Times are tough. Old-school sensuality and romance seem to be on the verge of extinction. We’re living in digital bubbles, swiping for soulmates on our phones. You know what we need? “Yeah, damn right…” We need Shaft!  Reflecting the early-70s, when progressive ideas and exploitation cinema intermingled like long-lost lovers, Shaft’s steely reserve and not so subtle eroticism made it a classic.

In the 1971 original, Richard Roundtree was swagger incarnate, donning a leather trench coat and coiffed afro as he walked the dirty streets of New York to an Isaac Hayes soundtrack. A ghetto-raised private dick with a penchant for loving the ladies, Roundtree delivered lines that’d make a pimp blush.  In 2000, Samuel L. Jackson formidably took up the mantle as Shaft’s nephew in the hit sequel, so it’s been nearly 20 years since Jackson put on the trench coat, and dammit, we need him back. This Shaft loses the heavy drama of Jackson’s first stab at the character, going straight for an absurdist comedy/action film. A good choice indeed, since nobody infuses badassery with humor as well as he does. Getting more insight into the character is really fun to watch too. Unfortunately, the filmmakers also add a lot of trite, nauseating action sequences to mix that aren’t really necessary.

Shaft opens with the titular character’s ex-wife, Maya (Regina Hall) as she raises their son, John “JJ” Shaft Jr., on her own. Although Shaft’s not around for his son’s upbringing, Junior keeps receiving mysterious gifts in the mail, such as a box of condoms for Christmas or a stack of nudie mags for his college graduation. Wonder who they could be from? Soon enough, Junior (Jessie T. Usher) gets a job as an analyst for the FBI, wearing skinny jeans and approaching the world with apprehension and propriety. He takes constant grillings from his boss and is in love with his childhood pal, Sasha (Alexandra Shipp), although he’s too scared to admit it. When Junior suspects his best friend was murdered, he enlists the help of his private eye father, John Shaft II (Jackson) to help him solve the case.

When Shaft and son finally meet and start working together, Shaft works too, setting the stage for a comedic generational divide that makes for a war of ideas in which Jackson’s old-school flamboyance and his son’s millennial logic go head to head. Usher holds his own as a bumbling nerd who’s consistently shocked by his father’s lack of propriety, and Jackson shines as usual, showing movie-goers why he’s a national treasure and an enduringly bankable movie star. With a simple roll of his eyes or silent groan, Jackson says volumes about how ridiculous we’ve all become in this day and age where everything is PC policed. Yes, in many ways Shaft is an illustration of bygone attitudes probably better left in the past, but he’s also a reminder of what we’ve lost —  carefree attitude, grit, and unapologetic expression, especially when it comes to sexuality.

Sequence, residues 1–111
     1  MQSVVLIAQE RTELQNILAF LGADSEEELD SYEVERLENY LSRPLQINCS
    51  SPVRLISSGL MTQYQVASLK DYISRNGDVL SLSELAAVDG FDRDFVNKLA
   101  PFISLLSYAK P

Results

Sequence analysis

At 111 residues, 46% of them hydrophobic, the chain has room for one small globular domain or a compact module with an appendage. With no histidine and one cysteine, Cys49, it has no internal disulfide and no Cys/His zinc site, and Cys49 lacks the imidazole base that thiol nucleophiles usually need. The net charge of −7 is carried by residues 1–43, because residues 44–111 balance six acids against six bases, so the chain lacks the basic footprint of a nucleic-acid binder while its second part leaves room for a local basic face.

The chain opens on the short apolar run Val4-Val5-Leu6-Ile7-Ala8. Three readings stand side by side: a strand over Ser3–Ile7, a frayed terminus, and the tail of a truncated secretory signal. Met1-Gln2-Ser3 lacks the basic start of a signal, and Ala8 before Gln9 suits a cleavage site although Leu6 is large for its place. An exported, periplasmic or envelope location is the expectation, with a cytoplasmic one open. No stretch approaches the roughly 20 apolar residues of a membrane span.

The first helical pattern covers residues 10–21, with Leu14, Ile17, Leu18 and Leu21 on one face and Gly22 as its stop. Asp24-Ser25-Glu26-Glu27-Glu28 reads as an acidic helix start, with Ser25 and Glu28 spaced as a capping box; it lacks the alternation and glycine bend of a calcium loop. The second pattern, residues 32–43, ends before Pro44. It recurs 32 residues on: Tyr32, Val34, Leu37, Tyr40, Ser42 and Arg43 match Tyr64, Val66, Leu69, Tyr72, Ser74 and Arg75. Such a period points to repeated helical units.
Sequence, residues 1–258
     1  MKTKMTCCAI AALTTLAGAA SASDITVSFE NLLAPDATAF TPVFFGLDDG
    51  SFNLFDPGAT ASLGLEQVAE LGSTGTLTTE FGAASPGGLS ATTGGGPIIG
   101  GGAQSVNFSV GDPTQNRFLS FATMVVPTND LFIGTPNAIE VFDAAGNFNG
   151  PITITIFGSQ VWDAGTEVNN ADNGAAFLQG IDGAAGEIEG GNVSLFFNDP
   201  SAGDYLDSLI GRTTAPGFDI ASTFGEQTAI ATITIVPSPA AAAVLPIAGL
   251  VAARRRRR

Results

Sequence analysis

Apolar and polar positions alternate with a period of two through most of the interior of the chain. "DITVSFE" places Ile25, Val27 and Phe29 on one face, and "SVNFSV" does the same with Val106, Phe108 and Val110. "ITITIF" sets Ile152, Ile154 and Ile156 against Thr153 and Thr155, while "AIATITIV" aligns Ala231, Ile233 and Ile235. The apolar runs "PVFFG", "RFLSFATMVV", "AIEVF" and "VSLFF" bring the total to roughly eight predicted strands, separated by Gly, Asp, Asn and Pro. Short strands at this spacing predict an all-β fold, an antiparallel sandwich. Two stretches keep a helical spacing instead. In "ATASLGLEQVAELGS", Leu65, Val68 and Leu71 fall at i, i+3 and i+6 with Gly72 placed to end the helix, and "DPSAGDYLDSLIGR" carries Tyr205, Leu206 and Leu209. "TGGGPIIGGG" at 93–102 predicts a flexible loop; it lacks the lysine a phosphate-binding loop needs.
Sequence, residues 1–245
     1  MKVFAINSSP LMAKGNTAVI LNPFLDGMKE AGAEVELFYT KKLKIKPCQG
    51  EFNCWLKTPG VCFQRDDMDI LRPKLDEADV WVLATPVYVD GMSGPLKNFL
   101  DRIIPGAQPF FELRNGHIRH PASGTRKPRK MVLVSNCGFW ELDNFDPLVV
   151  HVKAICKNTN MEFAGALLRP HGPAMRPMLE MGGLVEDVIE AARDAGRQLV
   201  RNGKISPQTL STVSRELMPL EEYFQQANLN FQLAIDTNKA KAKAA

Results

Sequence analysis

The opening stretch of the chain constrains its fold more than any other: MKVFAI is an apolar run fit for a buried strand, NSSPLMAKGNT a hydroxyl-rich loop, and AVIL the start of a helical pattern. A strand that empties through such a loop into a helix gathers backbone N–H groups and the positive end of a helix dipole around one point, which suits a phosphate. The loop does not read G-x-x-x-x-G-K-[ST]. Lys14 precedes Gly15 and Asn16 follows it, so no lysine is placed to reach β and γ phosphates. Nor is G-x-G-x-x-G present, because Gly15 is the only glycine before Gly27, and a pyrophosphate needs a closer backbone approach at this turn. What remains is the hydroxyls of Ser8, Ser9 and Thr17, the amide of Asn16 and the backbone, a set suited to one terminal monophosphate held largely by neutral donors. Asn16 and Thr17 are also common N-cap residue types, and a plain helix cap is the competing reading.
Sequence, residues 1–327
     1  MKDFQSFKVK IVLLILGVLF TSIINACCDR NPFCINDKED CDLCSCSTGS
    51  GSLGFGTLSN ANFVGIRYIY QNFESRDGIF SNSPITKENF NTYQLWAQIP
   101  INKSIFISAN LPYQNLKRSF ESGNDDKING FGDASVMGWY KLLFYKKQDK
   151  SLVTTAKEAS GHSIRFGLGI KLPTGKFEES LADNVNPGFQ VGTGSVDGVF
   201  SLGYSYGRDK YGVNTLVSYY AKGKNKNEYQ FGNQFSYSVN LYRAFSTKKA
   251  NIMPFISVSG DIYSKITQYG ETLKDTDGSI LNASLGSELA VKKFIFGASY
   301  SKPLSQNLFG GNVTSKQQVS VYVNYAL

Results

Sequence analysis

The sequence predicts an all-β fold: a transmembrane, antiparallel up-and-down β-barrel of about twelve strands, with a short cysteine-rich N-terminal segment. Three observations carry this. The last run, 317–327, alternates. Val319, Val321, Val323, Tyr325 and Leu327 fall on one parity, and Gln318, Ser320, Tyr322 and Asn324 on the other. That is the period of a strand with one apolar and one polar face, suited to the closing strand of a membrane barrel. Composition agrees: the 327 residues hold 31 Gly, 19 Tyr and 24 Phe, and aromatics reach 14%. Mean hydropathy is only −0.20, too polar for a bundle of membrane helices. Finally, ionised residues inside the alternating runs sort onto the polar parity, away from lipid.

Too bad Shaft only dabbles with this great premise and takes the easy route, devolving into a series of drawn-out, cliched gun battles and action sequences, complete with CGI bullets skimming the air in slow-motion (really?). You get the feeling someone got anxious and thought, OK, enough talking, let’s shoot guns! Consequently, Shaft sacrifices its humanity and soul to appease a dull, adolescent contrivance. Unlike action/comedies of the past like Beverly Hills Cop or Lethal Weapon, which took time in establishing character and plot before plunging headlong into action, Shaft feels rushed, as if two different scripts were mashed together. One of those scripts is good, the other, not so much. By the time the majestic Richard Roundtree shows up, you’re so bludgeoned by hackneyed action sequences, it’s tough to notice. What a shame.  

Shaft, as we’ve come to know him, probably wouldn’t approve of this cartoonish, bombastic nonsense, either. He’d tell the filmmakers to relax, take it slow, let the story simmer a bit, before blowing everything up. After all, a slower-paced seduction is always best.

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